That filter essentially is of “open issues that affect 2.1.0, 2.2.0, 2.3.0 or 2.4.0 and
have been updated/created since Jan 1st 2014”. So it should cover most of the issues that
we probably should look into (doesn’t necessarily mean fix all of them, but just to check
if any of them are big enough to focus on).
>> I’ve also sent one PR for upgrading our internal library dependencies and plan
to send a couple more for similar upgrades. My intention is to use the latest released versions
of these dependencies instead of sticking with dependencies that are years old. My intention
_isn’t_ to upgrade to a version that isn’t API backward compatible, so these upgrades
are mostly bug fixes and should be “drop-in upgrades”. 
>> I would be really glad to hear any thoughts about these changes or any other/different
plans, that can get us to a releasable state in the near future, especially from members/users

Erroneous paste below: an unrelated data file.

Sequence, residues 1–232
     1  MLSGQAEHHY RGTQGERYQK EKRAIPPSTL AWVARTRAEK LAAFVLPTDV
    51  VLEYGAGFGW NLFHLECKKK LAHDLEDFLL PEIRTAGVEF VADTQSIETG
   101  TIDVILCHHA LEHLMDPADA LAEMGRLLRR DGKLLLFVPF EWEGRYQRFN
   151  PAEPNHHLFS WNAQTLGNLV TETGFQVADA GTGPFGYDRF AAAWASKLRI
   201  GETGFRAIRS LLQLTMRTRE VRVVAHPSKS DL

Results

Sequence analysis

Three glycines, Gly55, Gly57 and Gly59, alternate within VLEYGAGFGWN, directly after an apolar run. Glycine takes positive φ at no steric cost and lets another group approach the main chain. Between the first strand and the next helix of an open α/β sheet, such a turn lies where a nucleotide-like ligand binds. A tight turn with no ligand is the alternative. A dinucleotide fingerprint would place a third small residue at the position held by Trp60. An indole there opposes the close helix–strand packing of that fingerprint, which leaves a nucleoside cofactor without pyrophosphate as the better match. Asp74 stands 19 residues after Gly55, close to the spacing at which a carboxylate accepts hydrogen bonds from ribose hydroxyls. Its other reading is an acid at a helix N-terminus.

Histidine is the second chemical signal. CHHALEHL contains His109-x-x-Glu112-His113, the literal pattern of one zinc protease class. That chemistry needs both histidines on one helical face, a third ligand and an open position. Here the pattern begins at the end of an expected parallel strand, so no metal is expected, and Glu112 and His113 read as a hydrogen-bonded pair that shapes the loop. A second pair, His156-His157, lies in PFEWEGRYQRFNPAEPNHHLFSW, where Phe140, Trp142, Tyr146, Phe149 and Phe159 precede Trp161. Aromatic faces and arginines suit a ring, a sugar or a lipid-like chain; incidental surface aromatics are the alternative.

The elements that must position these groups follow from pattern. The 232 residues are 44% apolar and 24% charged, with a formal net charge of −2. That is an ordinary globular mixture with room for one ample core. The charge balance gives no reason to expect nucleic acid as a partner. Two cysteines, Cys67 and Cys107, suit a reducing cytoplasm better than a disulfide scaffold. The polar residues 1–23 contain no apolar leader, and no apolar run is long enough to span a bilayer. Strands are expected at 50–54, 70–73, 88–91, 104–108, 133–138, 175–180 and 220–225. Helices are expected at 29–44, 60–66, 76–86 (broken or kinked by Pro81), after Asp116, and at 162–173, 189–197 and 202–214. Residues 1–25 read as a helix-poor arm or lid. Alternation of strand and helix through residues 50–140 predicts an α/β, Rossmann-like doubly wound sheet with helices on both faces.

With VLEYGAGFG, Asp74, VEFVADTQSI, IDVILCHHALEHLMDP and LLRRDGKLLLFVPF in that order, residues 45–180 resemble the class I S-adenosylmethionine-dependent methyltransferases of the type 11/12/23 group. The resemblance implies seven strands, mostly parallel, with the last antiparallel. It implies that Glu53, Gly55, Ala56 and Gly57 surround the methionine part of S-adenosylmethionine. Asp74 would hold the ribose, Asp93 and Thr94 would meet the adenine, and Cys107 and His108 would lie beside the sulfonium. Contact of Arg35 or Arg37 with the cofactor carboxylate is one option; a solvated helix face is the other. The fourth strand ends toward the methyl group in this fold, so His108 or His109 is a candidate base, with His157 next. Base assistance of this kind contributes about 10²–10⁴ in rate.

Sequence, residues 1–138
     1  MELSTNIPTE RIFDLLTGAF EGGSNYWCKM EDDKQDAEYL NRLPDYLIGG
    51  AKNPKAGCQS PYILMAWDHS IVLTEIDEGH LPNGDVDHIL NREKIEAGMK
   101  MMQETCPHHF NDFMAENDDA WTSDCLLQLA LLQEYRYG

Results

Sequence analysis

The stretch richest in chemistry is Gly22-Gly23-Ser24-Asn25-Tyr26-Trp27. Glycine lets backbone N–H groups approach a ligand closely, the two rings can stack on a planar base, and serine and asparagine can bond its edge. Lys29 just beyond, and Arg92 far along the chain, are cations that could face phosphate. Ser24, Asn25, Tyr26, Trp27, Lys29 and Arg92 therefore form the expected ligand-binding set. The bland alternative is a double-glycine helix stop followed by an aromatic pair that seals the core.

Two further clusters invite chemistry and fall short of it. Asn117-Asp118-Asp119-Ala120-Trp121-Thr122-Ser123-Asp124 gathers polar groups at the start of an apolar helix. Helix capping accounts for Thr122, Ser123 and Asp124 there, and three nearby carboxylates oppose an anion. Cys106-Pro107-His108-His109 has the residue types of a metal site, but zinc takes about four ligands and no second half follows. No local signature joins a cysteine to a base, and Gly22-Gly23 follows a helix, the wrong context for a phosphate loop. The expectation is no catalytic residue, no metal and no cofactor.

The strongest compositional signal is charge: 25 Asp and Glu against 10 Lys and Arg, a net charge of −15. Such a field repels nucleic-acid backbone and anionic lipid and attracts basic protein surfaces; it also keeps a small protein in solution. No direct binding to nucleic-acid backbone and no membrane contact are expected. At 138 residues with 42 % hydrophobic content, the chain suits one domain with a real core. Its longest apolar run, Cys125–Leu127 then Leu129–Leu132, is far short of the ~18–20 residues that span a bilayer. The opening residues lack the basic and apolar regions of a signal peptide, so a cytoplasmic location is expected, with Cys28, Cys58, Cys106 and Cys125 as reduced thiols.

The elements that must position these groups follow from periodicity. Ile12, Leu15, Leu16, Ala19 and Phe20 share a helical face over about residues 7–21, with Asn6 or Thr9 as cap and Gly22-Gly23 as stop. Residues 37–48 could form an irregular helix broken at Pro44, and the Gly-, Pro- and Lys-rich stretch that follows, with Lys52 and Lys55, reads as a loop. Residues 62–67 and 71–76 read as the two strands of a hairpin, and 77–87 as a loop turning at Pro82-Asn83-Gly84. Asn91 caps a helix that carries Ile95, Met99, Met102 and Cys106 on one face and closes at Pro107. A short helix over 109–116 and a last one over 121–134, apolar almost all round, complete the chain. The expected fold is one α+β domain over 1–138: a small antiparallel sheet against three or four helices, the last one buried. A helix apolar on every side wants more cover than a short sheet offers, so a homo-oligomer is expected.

who have been involved with Ant/Ivy project in the past or present. Ultimately, I think if
we can agree on a goal for the upcoming release, it will help release something that will
set the right expectation with the end users when it comes to using it. My opinion is that
we consider this release to push out some bug fixes and internal upgrades and _not_ introduce
any major features unless those are reasonably quick to implement. Once this release is done
and (hopefully some of the) community gets back behind the Ivy project, we can always introduce
major features in subsequent releases.
> Sounds like a good plan.
> Nicolas